William V. “Bill” Campbell ’62, TC’74, a former University Trustees chair, Lions head football coach and influential background player in Silicon Valley, died on April 18, 2016, in Palo Alto, Calif. He was 75.
Campbell was born on August 31, 1940, and grew up in Homestead, Pa., near Pittsburgh. He excelled in football in high school. A four-year student-athlete at the College, as a 165-lb. guard and linebacker he captained the 1961 Ivy League Championship football team and as a senior earned All-Ivy League accolades. Campbell earned a bachelor’s and a master’s in economics, and after six years as an assistant coach at Boston College returned to Columbia and coached the Lions from 1974 to 1979, ending his coaching career with an overall record of 12–41–1.
Campbell then went to work for J. Walter Thompson before joining Kodak. He was an Eastman Kodak executive in Europe when he was recruited to Silicon Valley in 1983 by Apple’s chief executive at the time, John Sculley, who named him VP of marketing. Campbell was deeply involved in Silicon Valley’s start-up culture. In 1987 he led a group of Apple executives in setting up a software subsidiary, Claris, of which he was founder, president and CEO, with the ultimate goal of spinning off the company. When Apple decided not to let Claris become a separate public company, many of the executives, including Campbell, left. He later became chief executive of Go Corp., a pioneering tablet computer company, and from 1994 until 1998 was chief executive of Intuit; he retired in January as chairman. Campbell was an Apple director from 1997 until 2014, the longest-serving board member in its history; his photo was prominent on Apple’s home page on the day of his death. Campbell played a significant role in Apple’s turnaround when Steve Jobs, who had been fired by Sculley, returned in 1997. Campbell also worked early on with Jeff Bezos, founder of Amazon; with Ben Horowitz ’88 and Marc Andreessen before they founded one of the country’s top venture capital firms, Andreessen Horowitz; and with Larry Page of Google.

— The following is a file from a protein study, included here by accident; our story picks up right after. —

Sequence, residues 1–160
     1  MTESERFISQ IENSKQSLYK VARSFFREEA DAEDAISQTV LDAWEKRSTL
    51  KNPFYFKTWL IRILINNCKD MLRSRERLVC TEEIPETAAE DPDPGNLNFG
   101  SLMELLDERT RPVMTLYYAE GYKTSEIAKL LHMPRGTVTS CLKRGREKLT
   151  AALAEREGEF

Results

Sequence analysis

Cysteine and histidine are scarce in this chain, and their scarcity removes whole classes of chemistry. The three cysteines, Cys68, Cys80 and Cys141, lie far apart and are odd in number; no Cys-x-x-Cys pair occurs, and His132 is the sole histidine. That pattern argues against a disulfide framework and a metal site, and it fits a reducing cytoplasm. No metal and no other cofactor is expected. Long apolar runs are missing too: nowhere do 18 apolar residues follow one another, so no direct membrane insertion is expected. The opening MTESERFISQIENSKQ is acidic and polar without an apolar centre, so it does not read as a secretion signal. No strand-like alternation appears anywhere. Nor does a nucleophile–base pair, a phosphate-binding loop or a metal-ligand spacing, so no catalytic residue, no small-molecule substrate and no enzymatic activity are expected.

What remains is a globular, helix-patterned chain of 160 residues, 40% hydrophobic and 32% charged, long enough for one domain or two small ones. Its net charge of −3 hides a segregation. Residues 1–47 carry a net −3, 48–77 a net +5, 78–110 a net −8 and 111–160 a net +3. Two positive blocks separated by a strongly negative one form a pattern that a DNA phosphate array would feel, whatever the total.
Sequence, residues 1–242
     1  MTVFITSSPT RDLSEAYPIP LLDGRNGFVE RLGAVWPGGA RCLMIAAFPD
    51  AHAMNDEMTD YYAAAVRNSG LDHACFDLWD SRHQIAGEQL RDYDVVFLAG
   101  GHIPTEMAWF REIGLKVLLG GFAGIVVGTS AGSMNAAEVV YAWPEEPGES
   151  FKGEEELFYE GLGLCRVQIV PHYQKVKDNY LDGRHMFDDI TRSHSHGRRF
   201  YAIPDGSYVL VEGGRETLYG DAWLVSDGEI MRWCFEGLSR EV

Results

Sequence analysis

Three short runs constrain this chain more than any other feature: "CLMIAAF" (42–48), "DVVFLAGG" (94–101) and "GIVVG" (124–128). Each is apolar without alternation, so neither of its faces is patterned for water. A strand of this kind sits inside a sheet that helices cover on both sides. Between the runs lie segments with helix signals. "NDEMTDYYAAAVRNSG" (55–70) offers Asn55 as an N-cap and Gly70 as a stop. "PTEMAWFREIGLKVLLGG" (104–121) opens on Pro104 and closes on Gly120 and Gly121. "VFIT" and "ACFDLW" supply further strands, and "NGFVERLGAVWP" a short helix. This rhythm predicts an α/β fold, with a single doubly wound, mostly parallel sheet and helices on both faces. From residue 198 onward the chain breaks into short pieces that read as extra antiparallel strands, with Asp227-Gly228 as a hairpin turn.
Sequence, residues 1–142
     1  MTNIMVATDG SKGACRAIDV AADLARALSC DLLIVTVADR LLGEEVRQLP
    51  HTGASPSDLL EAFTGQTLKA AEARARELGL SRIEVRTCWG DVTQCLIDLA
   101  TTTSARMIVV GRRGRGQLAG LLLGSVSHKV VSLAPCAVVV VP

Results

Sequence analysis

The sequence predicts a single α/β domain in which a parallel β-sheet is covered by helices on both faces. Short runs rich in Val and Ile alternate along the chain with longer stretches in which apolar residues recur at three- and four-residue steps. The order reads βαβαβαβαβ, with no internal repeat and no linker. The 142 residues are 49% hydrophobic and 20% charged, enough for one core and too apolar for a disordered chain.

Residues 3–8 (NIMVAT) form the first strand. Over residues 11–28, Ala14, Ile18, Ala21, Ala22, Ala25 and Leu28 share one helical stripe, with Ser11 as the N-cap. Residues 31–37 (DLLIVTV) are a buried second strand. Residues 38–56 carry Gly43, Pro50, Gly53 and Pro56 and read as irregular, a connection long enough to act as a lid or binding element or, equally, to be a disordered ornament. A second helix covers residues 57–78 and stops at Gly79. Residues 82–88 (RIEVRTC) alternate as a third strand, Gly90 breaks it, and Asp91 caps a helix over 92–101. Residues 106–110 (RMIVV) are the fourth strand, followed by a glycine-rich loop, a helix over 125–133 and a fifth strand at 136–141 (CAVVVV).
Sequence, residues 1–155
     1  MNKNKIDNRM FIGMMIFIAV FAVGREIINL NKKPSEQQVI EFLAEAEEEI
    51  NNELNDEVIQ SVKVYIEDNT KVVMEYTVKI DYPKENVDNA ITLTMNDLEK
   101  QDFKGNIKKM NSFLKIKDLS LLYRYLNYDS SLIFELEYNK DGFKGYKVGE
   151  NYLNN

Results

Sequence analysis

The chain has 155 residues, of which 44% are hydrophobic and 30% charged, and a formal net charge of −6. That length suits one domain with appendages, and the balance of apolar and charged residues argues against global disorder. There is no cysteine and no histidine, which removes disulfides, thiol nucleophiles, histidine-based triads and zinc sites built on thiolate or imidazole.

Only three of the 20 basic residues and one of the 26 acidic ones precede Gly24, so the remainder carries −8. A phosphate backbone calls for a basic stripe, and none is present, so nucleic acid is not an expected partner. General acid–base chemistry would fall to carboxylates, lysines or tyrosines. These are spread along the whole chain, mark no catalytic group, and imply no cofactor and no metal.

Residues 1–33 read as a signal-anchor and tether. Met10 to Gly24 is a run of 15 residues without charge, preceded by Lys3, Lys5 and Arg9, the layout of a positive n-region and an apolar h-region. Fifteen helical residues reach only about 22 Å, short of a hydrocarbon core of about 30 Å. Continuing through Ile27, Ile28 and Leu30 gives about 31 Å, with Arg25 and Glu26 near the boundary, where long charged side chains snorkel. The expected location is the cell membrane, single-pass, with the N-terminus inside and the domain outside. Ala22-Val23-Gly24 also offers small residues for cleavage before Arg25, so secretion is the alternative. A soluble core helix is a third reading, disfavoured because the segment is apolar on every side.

These advisory roles, as well as work with Facebook, Twitter and other tech firms, earned Campbell the nickname “Coach of Silicon Valley.” The New York Times pointed out, “Campbell’s advisory role was often unpaid, at his insistence; he said he wanted to pay back what he felt was a debt to the nation’s technology region.”
Campbell’s generosity of time — and funds — extended to Columbia. He was a member of the University’s Board of Trustees from 2003 until 2014 and chair from 2005 until 2014. In 2013, the Campbell Sports Center, a state-of-the-art 50,000 sq. ft. facility at the Baker Athletics Complex made possible by a $10 million donation from Campbell, was dedicated. In fall 2014, Athletics retired Campbell’s number, 67, and at the 2015 Varsity C Celebration introduced a new award, the William V. Campbell Performer of the Year, to be presented annually to the top male and female student-athletes of the academic year.
Campbell endowed the Roberta and William Campbell Professorship in Contemporary Civilization and the Campbell Family Professorship in Anthropology, he gave $1 million to The Austin E. Quigley Endowment for Student Success and he recently had committed $10 million to the Core to Commencement campaign. Campbell was presented the Varsity C Alumni Athletics Award in 1988, a John Jay Award for distinguished professional achievement in 1991 and the 2000 Alexander Hamilton Medal. In 2011 he was presented the Community Impact Award and in 2015 was presented an Alumni Medal as well as an honorary doctor of laws degree at Commencement. The NFL presented him its 2004 Gold Medal, and in 2009 the National Football Foundation and College Hall of Fame announced that its annual award given to the top scholar-athlete would be renamed for Campbell.
Campbell also donated millions in support of education in the Pennsylvania steel country where he grew up.
“We are devastated by the loss of Bill Campbell,” said Dean James J. Valentini. “Bill was a remarkable entrepreneur, a dedicated and generous Columbia College alumnus; and a committed friend, adviser and mentor to me. He enriched the lives of many at Columbia and throughout the world and he will be missed by all who knew him.”
Campbell’s survivors include his wife, Eileen Bocci Campbell; daughter, Margaret “Maggie” ’13; son, Jim ’04, SIPA’08; and stepchildren, Kevin Bocci, Matthew Bocci ’13 and Kate Bocci. Campbell’s first marriage, to former Columbia assistant dean of residence halls Roberta Spagnola TC’69, ended in divorce.
— Lisa Palladino
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